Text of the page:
Electronic Prescription Data to Improve Primary Care Prescribing
This trial is active, not recruiting.
|Condition||physician's practice patterns|
|Treatment||prescription data feedback to gp practices|
|Sponsor||University of Dundee|
|Collaborator||NHS Greater Glasgow and Clyde|
|Start date||July 2015|
|End date||January 2017|
|Trial size||236 participants|
|Trial identifier||NCT02512198, UREC15066|
This is a randomised controlled study to evaluate the effect of providing prescribing feedback that includes individual patient data to General Practitioners (GP) in Scotland on high risk or low quality prescribing.
|Intervention model||parallel assignment|
|Primary purpose||health services research|
Number of people identified by the measures of high risk or low quality prescribing
time frame: 12 months
Cost-effectiveness of feedback
time frame: 12 months
Male or female participants of any age.
Inclusion Criteria: - GP practices in the participating Health Board area (NHS Greater Glasgow and Clyde) Exclusion Criteria: - GP practices with registered list sizes <250 patients (all of these are unusual practices in various ways, for example serving the homeless or people with challenging behaviour). - GP practices with <80% of prescriptions for inhaled bronchodilators and UTI antibiotics in the prescription database with a recorded patient identifier for each month from January 2014 to December 2014. - GP practices which were created after 1 January 2015.
|Official title||Electronic Prescription Data to Improve Primary Care Prescribing|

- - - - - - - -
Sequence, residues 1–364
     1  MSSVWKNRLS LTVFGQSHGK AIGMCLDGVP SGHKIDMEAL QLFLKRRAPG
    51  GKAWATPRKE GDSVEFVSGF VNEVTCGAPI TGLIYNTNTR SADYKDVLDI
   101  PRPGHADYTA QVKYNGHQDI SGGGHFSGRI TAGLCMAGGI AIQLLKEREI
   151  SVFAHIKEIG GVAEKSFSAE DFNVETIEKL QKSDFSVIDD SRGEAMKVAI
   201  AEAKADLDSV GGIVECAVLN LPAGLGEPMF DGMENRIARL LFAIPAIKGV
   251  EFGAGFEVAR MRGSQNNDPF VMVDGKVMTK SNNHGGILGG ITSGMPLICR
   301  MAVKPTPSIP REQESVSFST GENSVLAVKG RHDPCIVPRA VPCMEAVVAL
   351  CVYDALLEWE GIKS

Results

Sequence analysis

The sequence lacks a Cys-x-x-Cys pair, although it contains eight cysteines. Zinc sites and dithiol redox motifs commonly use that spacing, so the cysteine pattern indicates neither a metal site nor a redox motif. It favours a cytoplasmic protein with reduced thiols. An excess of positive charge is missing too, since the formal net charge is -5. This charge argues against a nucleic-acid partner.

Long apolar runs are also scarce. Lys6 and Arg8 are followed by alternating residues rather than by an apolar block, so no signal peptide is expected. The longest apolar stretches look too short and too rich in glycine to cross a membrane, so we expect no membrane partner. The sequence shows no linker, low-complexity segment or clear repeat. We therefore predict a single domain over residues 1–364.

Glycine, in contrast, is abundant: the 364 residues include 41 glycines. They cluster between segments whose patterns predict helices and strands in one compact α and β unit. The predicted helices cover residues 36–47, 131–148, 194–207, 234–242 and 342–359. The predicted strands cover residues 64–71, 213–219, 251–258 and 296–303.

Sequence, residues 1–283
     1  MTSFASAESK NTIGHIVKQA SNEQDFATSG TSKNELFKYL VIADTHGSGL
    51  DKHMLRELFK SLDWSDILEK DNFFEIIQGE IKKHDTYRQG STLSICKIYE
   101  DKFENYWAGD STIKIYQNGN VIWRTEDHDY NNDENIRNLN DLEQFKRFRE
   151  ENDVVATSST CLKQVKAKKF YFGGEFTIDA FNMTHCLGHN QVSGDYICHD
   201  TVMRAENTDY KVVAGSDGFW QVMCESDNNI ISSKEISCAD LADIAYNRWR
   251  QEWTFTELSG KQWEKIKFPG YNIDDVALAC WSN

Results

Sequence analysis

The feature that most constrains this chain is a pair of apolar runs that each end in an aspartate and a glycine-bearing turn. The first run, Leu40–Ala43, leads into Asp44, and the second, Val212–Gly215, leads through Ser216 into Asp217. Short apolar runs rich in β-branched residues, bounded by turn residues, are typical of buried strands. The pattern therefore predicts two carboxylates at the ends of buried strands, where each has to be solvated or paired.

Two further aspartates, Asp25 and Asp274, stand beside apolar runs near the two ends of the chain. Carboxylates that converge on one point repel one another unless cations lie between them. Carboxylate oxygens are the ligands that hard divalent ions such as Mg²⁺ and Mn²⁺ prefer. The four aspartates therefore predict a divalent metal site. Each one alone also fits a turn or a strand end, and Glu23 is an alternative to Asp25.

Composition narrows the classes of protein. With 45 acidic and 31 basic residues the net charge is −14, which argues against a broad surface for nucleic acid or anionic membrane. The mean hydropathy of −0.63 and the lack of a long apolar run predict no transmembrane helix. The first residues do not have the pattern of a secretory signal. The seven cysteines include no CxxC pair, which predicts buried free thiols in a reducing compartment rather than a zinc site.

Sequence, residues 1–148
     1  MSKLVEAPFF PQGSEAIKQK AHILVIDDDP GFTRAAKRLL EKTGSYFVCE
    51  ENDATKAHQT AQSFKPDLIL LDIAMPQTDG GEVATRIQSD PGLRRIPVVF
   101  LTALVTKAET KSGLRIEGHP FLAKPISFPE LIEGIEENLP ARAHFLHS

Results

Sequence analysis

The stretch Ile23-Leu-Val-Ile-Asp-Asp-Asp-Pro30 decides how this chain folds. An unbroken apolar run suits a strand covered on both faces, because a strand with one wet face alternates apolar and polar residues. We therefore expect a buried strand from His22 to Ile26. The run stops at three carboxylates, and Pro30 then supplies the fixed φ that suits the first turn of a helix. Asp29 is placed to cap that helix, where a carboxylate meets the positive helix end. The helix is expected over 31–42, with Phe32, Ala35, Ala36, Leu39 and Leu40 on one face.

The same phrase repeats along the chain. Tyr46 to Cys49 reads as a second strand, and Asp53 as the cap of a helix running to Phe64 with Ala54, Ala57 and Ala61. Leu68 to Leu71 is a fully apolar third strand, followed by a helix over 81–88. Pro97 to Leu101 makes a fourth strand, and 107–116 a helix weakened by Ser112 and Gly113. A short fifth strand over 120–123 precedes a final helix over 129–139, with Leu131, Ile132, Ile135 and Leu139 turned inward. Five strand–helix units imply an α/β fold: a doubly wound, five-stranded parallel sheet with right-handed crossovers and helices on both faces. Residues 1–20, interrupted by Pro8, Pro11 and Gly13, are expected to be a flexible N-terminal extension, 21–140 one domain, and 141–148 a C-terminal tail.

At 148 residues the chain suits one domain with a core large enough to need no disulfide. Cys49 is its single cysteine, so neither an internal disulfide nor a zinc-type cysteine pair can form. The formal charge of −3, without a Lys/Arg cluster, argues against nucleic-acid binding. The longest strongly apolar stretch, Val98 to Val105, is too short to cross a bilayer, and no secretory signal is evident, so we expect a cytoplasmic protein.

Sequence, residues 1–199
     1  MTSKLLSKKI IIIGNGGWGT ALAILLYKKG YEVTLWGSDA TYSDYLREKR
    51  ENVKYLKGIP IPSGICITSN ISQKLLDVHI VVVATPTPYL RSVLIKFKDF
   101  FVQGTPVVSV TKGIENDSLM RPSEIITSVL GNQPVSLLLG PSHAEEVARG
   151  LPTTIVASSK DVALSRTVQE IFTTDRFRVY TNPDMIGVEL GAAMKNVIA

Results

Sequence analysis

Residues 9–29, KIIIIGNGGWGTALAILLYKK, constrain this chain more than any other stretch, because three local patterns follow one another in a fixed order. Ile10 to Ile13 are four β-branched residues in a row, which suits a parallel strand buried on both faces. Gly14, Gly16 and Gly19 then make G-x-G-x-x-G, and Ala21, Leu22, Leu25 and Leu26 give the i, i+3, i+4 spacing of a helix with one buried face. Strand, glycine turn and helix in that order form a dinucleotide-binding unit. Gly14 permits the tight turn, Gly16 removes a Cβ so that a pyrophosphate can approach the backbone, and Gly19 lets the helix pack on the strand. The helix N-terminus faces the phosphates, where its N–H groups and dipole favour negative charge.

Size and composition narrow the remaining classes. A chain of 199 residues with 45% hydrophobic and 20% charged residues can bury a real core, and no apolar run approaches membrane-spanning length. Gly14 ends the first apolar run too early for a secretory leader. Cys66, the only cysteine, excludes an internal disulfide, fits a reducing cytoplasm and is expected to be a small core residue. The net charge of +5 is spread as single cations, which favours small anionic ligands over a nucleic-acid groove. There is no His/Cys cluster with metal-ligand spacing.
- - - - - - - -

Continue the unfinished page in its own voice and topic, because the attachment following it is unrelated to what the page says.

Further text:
|Principal investigator||Sean PD MacBride-Stewart, MSc|
|Description||This study makes use of data held in the Prescription Information System (PIS), the national database available to national health service (NHS) health boards in Scotland, on all prescriptions dispensed by community pharmacists which include the unique patient identifier for Scotland (CHI). The design is a two parallel arm cluster randomised trial with general practices as the unit of randomisation to whom the feedback intervention is directed, and outcomes measured at patient level. Both arms receive the same active interventions but focused on different topics, with each acting as control to the other. The primary outcome in the asthma arm is a composite of measure of potentially high-risk asthma prescribing (multiple short acting beta-agonists or single agent long acting beta-agonists both in the absence of inhaled corticosteroid therapy). The primary outcome in the urinary tract infection antibiotic arm is a measure of repeated use of single (likely long-term prevention) or multiple (repeated treatment courses) urinary tract infection antibiotics. Within the feedback, alongside the patient-level analysis, there will be action-orientated messages to guide the GP practice. GP practices will get the reports three times at six-monthly intervals.|
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